There’s never been as much data available for a nominal cost — the challenge is leveraging it. You need the right data at the right time to compare it to the right things. When benchmarking against other companies or applying data sets to your environment, jurisdictions, evaluation base and the age of the benchmarking sources are important to ensuring your data is pure.

Although there are external sources, many times third-party administrators (TPA) or insurance carriers have already done a tremendous amount of data mining and predictive modeling. Businesses just need to know it’s there and to start using it to drill deeper into the cause of loss and the cost drivers of workers’ compensation.

What are some best practices for managing workers’ compensation and disability?

The secret is preventing injuries and creating a healthy workforce. But injuries will occur, so focus on responding quickly with the right amount of effort at the right time on the right claim. Predictive modeling can help identify the types of claims likely to become more costly.

Understand what’s driving your costs by doing a baseline assessment of cost drivers and utilizing benchmarking to drill down. Then, align the incentives of all internal and external parties — TPA, carrier, broker, and vendors involved in loss control and claims management — to focus on the cost-driving elements, using a dashboard to monitor performance. This creates a sustainable loss control and claims management effort.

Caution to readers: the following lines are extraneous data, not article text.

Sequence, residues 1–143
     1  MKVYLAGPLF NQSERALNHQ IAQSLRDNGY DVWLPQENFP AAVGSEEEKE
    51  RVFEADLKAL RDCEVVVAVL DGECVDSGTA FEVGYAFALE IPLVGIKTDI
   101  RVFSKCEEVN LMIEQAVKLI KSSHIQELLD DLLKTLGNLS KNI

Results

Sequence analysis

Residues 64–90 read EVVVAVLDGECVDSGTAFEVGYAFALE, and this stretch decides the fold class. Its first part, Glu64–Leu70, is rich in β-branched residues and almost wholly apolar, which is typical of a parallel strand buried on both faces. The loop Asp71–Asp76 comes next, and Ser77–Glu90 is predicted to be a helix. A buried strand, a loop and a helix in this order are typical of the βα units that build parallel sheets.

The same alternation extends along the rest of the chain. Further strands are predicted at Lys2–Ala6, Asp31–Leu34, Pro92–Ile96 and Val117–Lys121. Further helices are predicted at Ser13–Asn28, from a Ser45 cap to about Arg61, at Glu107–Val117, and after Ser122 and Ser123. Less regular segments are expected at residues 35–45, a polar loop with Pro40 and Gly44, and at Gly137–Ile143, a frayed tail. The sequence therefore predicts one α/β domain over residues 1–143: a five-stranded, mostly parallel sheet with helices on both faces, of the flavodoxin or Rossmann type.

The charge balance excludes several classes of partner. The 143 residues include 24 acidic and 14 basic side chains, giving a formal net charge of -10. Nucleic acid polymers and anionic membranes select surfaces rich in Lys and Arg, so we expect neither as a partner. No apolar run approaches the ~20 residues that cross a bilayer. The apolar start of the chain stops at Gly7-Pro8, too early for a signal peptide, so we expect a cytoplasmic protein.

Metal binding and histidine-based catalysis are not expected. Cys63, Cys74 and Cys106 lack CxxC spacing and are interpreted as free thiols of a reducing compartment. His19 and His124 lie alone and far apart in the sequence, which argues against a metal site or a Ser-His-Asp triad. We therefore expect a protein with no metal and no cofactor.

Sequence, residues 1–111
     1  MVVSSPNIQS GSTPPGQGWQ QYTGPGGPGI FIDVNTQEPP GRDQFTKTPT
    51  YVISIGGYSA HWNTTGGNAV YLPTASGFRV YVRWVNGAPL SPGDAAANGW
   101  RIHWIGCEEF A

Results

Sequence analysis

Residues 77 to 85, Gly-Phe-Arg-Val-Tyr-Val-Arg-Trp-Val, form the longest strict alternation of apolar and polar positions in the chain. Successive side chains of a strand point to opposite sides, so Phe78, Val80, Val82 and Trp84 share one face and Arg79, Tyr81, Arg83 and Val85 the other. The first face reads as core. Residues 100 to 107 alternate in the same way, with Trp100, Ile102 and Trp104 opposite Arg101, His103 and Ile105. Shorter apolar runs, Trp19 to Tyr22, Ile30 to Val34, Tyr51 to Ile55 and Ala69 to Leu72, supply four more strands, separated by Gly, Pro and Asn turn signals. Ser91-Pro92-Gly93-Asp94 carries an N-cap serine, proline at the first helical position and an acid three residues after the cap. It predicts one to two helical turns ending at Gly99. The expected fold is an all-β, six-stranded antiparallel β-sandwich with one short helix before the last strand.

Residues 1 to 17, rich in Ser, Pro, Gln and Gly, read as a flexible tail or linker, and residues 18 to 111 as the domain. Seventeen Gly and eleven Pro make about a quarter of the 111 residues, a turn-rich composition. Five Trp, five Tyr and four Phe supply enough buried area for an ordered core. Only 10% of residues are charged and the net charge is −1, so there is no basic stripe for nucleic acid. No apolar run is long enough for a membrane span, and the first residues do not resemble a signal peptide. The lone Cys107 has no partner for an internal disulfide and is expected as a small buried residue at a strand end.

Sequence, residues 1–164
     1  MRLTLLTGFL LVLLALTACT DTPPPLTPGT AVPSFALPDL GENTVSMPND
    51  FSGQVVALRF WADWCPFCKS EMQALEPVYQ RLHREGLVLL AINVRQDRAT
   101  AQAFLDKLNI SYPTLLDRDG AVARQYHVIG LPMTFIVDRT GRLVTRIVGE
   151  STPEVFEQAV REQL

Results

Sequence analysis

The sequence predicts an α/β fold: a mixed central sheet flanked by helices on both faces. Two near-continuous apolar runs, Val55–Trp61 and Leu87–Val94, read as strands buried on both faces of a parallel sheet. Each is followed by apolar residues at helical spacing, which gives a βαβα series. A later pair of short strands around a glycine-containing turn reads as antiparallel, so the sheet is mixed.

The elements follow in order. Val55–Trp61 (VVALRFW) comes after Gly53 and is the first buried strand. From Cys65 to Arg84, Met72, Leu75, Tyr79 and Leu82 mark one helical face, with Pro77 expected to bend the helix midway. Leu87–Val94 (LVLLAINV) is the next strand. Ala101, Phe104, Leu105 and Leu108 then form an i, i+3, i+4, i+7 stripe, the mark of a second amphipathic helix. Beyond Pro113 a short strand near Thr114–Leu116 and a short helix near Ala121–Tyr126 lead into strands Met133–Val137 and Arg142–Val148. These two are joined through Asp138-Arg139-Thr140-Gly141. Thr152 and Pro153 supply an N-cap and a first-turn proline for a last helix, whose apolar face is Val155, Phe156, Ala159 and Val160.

Many organizations need to align all stakeholders — human resources, finance, legal, operations, etc. Also, combine the efforts of health and wellness with workers’ compensation and safety. A streamlined approach creates a healthier workforce, reducing injuries and their costs.

Joe Galusha is a managing director, leader for casualty risk consulting at Aon Risk Solutions. Reach him at (248) 936-5215 or [email protected]

Mike Stankard is a managing director, Industrial Materials Practice at Aon Risk Solutions. Reach him at (248) 936-5353 or [email protected]

 

Hear more expert advice about workers’ compensation and disability management in manufacturing by visiting our archived webinar.

 

Insights Risk Management is brought to you by Aon Risk Solutions

 

U.S. manufacturing posts best quarter in 2 years: Markit

NEW YORK, Mon Apr 1, 2013 — U.S. manufacturing growth picked up in March as new orders increased and hiring quickened, closing out the best quarter for the sector in two years, a survey showed on Monday.

Financial data firm Markit said its U.S. Manufacturing Purchasing Managers Index rose to 54.6 last month from 54.3 in February. A reading above 50 indicates expansion.

Output increased, though the rate of growth slipped to 56.6 from 57.3 in February.

Overall, however, the index averaged 54.9 between January and March, above the 52.6 average recorded in the fourth quarter of 2012 and the best quarterly showing in two years, Markit said.

“The sector will have provided a firm boost to the economy in the first quarter, with output possibly growing by as much as 2 percent compared to the final quarter of last year,” said Chris Williamson, Markit’s chief economist.

Domestic demand grew steadily at the same rate as the prior month, while new export orders increased after contracting slightly in February.

The pace of hiring, however, increased, with the employment sub-index hitting 54.6 compared to 53.5 the prior month. March’s pace was swifter than the average for all of 2012.